The Conflict&Fragility blog provides a platform for analysis, commentary, and exchange on developments concerning conflict and fragility in general, and developments in Somalia more particularly. Occasionally, it may also feature some analysis that stretch beyond the Horn of Africa, looking at other crises in Africa and the international community’s response thereto. Thereby, the blog aims to combine academic theorizing with public policy analysis. Moreover, Conflict&Fragility hopes to engage readers in discussions about these issues, and seeks to provide students, researchers, and policymakers with resources and food for thought on said topics.
Conflict and fragility, with their implications for national development and international security, are among today’s most pressing global public policy challenges. Although long neglected in the face of other global challenges, the paradigmatic ‘failed state’ of Somalia has received increasing attention by the international community in recent years. Analyzing Somalia’s state trajectory from different perspectives, and linking it to conceptual debates on conflict, fragility, and development is crucial, if wanting to adequately respond to the emerging challenges it faces.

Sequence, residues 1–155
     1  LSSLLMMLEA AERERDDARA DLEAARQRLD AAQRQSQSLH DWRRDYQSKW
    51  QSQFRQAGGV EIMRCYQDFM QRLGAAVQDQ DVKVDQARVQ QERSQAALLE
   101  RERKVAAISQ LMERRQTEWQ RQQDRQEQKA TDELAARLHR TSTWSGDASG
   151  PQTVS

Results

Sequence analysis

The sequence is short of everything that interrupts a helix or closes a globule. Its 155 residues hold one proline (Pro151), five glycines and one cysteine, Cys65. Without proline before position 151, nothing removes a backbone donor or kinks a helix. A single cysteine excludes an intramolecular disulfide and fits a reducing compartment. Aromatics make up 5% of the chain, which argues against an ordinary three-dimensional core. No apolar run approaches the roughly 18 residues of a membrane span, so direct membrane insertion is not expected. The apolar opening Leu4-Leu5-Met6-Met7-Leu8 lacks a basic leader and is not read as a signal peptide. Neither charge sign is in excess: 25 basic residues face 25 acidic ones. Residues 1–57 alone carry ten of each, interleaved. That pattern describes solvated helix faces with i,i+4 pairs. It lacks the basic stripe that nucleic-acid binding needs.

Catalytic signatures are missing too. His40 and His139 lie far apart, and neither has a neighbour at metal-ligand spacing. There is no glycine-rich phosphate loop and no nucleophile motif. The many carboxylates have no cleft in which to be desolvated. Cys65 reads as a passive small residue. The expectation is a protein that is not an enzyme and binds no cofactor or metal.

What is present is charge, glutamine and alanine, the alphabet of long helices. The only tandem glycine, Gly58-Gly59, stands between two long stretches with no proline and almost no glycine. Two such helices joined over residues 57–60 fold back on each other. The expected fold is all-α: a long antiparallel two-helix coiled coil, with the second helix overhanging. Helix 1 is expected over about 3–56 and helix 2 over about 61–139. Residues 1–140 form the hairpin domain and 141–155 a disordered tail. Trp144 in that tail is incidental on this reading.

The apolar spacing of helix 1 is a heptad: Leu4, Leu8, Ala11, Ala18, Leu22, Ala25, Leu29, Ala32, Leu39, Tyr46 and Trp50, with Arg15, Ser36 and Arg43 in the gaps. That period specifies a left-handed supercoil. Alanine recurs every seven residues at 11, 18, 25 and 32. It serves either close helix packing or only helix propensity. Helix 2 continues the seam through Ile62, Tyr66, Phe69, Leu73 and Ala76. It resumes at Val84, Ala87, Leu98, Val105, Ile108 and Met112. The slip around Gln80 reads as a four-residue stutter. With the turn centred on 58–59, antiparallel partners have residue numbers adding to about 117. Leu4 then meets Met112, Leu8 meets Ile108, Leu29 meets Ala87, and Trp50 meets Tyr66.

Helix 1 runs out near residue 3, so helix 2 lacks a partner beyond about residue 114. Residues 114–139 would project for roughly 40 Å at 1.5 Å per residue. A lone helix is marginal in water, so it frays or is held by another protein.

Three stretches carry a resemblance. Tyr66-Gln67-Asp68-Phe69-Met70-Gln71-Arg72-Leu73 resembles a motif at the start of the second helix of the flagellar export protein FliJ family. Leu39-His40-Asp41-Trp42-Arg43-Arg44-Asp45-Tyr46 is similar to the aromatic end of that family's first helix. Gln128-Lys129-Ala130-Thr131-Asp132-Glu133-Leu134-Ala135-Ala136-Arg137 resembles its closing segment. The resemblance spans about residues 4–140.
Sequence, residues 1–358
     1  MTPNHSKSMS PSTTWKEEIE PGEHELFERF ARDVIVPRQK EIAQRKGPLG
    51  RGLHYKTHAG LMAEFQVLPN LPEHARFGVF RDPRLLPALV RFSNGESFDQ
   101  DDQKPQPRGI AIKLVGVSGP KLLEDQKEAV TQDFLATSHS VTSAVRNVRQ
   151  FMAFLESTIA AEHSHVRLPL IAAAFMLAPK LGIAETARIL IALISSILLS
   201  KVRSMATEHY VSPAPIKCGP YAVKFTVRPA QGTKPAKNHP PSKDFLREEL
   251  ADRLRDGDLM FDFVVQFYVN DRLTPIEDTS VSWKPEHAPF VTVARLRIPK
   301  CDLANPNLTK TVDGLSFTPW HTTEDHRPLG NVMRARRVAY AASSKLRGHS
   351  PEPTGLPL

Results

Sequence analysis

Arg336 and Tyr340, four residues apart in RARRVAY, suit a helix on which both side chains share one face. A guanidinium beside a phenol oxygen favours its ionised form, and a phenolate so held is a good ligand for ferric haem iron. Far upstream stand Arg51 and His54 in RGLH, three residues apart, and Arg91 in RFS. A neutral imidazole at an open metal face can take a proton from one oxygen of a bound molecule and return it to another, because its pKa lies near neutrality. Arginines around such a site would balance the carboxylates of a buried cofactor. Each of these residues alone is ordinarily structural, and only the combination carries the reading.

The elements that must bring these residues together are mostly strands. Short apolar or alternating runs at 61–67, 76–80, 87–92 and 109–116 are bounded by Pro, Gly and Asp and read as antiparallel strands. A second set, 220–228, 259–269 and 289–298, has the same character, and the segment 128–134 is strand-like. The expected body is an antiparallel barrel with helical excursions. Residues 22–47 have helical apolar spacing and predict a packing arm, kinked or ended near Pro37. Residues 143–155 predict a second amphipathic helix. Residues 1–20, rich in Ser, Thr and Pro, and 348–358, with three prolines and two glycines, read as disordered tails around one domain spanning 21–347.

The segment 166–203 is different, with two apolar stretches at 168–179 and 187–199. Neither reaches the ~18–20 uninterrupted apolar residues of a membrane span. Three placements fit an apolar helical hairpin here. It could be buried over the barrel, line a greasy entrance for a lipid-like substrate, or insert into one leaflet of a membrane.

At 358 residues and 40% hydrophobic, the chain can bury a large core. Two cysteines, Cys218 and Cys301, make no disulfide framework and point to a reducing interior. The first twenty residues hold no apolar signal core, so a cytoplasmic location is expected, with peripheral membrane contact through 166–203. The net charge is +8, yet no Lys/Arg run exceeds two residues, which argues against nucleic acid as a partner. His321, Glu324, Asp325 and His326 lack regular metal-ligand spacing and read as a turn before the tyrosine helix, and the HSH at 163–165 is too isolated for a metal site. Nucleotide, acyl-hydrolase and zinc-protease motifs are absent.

Consequently, some of my writing – such as my assessment of the 2014 presidential election in Puntland – focuses on current developments in Somalia and their implications for its state-making endeavour. Other contributions – such as the post on The Wars in the North and the Creation of Somaliland – are geared toward providing some historical background and context that I deem important to understand in order to situate more recent developments in the bigger picture. Again others engage with the international community’s approaches to state reconstruction in Somalia (see e.g. the blurb on the ‘New Deal’ for Somalia), or broader conceptual debates on state-making (see e.g. the ‘Failed States’ and ‘Failed Policies’ post).
In case you are similarly interested in developments pertaining to conflict and fragility in general, and Somalia in particular, sign up to my blog and get engaged. Please feel invited to leave comments and respond to any posts or my blog in its entirety. I hope Conflict&Fragility contributes to a fruitful exchange of information and thoughts, and provides a platform for critical analysis and innovative ideas.
Disclaimer: Although some of the thoughts expressed here may be related to current themes I encounter at work, the views expressed here are not to be attributed to either organizations I have been working for or funding bodies that have sponsored my work – all views expressed are strictly my own.